Together for the science metropolis
Strengthening Berlin as an international science metropolis is the goal of a joint initiative by the capital's non-university research institutions. They have joined together to form the BR 50 (Berlin Research 50) in order to jointly develop strategies for research and exchange with politics and society. This will facilitate and strengthen cooperation with Berlin’s universities.
The new network, to which almost all non-university institutes and centres in the Berlin area belong, is intended to facilitate coordination between non-university research institutions and to provide a central point of contact for cooperation with Berlin universities and exchange with society and politics. Similar to the Berlin University Alliance (BUA), the network of the Free University of Berlin, Humboldt University of Berlin, Technical University of Berlin and Charité University Medicine Berlin, BR 50 is also intended to provide a dialogue platform for the participating institutes.
The association represents research areas from all scientific disciplines. At the founding meeting on February 18 in the Max Liebermann Haus at the Brandenburg Gate, founding coordinators were elected for four sections: Prof. Dr. Thomas Sommer for Section 1 (life sciences), Prof. Dr. h.c. Jutta Allmendinger Ph.D. for Section 2 (social sciences and humanities), Prof. Dr. Ulrich Panne for Section 3 (natural sciences) and Prof. Dr. Michael Hintermüller for Section 4 (technology and engineering).
"The non-university institutions are already making an indispensable contribution to establishing Berlin’s profile as a leading international location for science thanks to their excellent research," said Thomas Sommer, founding coordinator of the Section for Life Sciences and Scientific Director (interim) of the Max Delbrück Center for Molecular Medicine in the Helmholtz Association (MDC). "With the BR 50, we are now pooling our resources to let the Berlin research area prosper."
Ulrich Panne, founding coordinator for the Section for Natural Sciences and President of the Federal Institute for Materials Research and Testing (BAM), adds: "The exchange between science, society and politics is becoming more and more important and BR 50 will build many important bridges between the research institutions in Berlin."
Cooperation with the Berlin universities will also be strengthened by BR 50, expects Jutta Allmendinger, founding coordinator of the Section for Social Sciences and Humanities and President of the Berlin Social Science Center (WZB): "The large number and variety of non-university research institutions is one of Berlin's obvious strengths. With our new network, we offer a central dialogue partner for Berlin’s universities in order to initiate future-oriented research projects with them."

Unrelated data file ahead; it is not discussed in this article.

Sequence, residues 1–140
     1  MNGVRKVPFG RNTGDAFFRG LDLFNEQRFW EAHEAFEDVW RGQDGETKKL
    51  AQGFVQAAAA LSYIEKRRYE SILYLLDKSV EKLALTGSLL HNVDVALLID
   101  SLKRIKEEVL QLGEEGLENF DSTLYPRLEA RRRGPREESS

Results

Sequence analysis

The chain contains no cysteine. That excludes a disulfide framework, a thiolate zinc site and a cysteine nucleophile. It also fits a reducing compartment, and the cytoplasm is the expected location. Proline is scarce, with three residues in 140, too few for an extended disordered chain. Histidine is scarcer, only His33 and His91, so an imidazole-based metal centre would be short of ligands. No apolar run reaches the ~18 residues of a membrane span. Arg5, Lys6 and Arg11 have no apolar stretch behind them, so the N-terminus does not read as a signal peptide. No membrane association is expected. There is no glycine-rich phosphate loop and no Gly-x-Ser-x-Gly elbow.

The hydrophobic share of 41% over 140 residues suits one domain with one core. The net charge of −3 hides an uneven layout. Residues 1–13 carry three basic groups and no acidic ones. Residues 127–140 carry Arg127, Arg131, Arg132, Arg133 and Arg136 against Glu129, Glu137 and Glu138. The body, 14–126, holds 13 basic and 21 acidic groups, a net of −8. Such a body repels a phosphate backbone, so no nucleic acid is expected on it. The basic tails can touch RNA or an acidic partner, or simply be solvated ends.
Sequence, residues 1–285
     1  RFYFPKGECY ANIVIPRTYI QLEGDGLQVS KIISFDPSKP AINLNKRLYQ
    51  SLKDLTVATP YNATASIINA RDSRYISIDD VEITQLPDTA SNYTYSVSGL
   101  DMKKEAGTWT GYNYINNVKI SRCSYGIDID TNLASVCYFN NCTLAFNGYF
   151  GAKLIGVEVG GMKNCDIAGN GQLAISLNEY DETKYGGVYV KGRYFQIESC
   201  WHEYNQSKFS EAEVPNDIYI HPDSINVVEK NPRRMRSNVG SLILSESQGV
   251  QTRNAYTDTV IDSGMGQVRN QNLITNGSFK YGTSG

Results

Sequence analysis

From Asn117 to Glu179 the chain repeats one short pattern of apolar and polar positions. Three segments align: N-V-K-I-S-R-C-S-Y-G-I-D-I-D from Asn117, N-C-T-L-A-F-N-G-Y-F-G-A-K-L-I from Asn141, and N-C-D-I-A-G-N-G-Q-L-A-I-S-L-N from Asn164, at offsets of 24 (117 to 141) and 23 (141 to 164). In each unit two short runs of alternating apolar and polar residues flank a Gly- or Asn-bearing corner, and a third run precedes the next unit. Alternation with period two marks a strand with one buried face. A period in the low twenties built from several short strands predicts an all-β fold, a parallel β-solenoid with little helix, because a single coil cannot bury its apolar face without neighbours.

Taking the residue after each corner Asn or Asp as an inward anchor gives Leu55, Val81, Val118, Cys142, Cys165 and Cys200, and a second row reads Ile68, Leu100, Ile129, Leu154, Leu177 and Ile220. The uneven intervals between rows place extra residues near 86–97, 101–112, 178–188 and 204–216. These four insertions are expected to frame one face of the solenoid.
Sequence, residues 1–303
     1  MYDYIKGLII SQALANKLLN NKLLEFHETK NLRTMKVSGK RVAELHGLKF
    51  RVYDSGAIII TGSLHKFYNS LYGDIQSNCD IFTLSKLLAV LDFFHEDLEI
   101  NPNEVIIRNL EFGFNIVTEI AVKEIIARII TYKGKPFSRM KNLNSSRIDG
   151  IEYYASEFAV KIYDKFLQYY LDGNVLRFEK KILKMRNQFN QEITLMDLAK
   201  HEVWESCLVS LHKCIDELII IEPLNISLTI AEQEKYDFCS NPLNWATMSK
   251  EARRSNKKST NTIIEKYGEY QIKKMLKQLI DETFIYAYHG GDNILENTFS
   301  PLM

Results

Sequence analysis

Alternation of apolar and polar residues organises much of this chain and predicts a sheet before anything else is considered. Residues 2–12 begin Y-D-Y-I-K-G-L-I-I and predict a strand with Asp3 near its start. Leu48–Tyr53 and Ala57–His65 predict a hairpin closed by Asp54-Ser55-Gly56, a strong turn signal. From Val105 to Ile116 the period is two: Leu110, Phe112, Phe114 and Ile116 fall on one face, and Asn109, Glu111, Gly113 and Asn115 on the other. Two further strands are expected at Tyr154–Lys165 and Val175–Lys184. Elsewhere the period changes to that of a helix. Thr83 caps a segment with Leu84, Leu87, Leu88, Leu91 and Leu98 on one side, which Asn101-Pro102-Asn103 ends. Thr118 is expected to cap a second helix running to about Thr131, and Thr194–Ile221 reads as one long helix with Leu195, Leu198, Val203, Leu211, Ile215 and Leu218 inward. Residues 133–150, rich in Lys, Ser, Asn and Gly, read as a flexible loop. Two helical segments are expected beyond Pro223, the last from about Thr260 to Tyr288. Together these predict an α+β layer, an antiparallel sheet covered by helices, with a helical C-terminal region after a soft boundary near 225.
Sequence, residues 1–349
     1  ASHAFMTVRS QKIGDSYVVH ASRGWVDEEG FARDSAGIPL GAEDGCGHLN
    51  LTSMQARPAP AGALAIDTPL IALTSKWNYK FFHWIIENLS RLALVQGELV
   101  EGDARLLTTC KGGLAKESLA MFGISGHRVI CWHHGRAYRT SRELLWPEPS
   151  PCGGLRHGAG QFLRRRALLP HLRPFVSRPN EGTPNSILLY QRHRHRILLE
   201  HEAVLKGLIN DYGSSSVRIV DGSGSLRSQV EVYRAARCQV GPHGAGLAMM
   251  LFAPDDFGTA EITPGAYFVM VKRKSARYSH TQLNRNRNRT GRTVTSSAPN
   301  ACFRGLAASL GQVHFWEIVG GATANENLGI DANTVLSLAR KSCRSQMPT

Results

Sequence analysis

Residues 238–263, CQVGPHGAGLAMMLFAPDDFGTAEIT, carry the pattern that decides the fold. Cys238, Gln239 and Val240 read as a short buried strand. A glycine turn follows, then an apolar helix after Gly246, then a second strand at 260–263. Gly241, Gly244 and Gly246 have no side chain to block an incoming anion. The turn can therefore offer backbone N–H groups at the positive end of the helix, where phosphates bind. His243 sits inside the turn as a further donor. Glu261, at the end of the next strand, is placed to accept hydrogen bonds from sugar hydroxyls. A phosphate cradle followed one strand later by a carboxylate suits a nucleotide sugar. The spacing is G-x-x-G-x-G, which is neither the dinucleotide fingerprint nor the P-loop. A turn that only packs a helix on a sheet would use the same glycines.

A founding motive of BR 50 are the big challenges for mankind, says Michael Hintermüller, founding coordinator of the Section for Technology and Engineering, Director of the Weierstraß Institute for Applied Analysis and Stochastics and member of the executive board of the Forschungsverbund Berlin: "With the new network, Berlin's research institutions can better use their synergies to jointly develop solutions to the problems that lie ahead."
"Through the association, the scientific exchange between the institutions of basic scientific research and the more applied departmental research is significantly strengthened and raised to a higher level," says the President of the German Federal Institute for Risk Assessment (BfR) Professor Dr. Dr. Andreas Hensel as a representative of the federal government's departmental research institutions. At the same time, the cooperation offers young scientists the opportunity to test and expand their scientific know-how in a practical manner.
The founding meeting initially brought together 41 non-university research institutions in Berlin, including institutes of the large scientific organisations Leibniz Association, Max Planck Society, Helmholtz Association and Fraunhofer Society, as well as the federal government's departmental research institutes and the Prussian Cultural Heritage Foundation.
About the BfR
The German Federal Institute for Risk Assessment (BfR) is a scientifically independent institution within the portfolio of the Federal Ministry of Food and Agriculture (BMEL) in Germany. It advises the German federal government and German federal states ("Laender") on questions of food, chemical and product safety. The BfR conducts its own research on topics that are closely linked to its assessment tasks.
This text version is a translation of the original German text which is the only legally binding version.